Open Access DOI:10.23937/2378-3672/1410004
Development of a Method for Detection of Shigatoxin-Producing Escherichia coli Belonging to Clinically Important Twelve O Serotypes Based on the Combination of PickPen-Assisted Immunomagnetic Separation and Loop-Mediated Isothermal Amplification
Ahmad Yaman Kayali, Oscar Escalante-Maldonado, Varaporn Vuddhakul, Kazuko Seto, Yoshitsugu Nakaguchi, and Mitsuaki Nishibuchi
Article Type: Original Article | First Published: January 22, 2015
Not only O157 Shigatoxin-producing Escherichia coli (STEC) but some of non-O157 STECs are attracting attentions as clinically important STEC and a possible food-borne spread of these pathogens is becoming a worldwide concern. In this study, we developed a sensitive, specific, and simple method to detect STECs of clinical significance in retail beef so that it can be used even in resource-limited countries. We designed and fie-tuned a protocol characterized by PickPen devise-assisted immunomagnet...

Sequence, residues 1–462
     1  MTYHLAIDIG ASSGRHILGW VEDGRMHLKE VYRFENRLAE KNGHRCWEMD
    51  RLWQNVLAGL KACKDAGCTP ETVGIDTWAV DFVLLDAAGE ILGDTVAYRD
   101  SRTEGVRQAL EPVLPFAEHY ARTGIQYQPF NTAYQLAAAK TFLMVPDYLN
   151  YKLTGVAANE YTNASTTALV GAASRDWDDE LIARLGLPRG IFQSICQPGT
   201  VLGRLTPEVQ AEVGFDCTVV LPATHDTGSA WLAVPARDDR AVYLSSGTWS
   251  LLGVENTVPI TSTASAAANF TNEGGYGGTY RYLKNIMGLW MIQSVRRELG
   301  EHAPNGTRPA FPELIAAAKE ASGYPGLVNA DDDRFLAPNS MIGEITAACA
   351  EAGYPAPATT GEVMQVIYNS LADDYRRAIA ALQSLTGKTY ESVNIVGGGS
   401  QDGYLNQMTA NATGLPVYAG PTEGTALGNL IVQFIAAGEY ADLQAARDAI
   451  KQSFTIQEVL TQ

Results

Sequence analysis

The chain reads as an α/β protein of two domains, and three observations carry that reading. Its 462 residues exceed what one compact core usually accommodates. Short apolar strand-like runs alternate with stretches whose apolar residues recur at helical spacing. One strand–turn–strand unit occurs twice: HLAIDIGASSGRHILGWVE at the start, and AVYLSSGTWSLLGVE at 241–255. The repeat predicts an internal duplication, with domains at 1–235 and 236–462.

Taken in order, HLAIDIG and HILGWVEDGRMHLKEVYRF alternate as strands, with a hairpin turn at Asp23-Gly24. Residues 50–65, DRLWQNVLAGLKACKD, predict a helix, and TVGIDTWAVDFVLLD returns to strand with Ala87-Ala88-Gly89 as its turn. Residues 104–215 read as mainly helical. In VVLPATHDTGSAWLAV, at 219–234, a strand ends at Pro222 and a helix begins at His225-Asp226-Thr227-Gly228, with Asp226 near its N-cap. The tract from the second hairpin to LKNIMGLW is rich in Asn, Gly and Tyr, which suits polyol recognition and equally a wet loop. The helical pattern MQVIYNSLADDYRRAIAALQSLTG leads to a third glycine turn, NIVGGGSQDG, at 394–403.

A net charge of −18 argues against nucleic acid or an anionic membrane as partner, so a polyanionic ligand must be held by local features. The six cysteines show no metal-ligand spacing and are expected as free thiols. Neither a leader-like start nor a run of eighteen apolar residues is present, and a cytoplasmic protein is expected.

Open Access DOI:10.23937/2378-3672/1410003
Samia Macedo Queiroz Mota Castellao Tavares, Wilame de Lima Bravo Junior and Jessica Lissandra Alves Leite
Article Type: Research Article | First Published: January 16, 2015
The aging process is complex and affects a variety of functions, including lower defense capability of the immune system. The immune activity, as most of physiological functions, decreases with age. The principal alterations in humoral immune response are associated with concentration of immunoglobulins, amount and activity of B cells and also the changes in the affinity of the antibodies. The current study aimed to analyze the levels of IgG and IgM antibodies of elderly and young people and to ...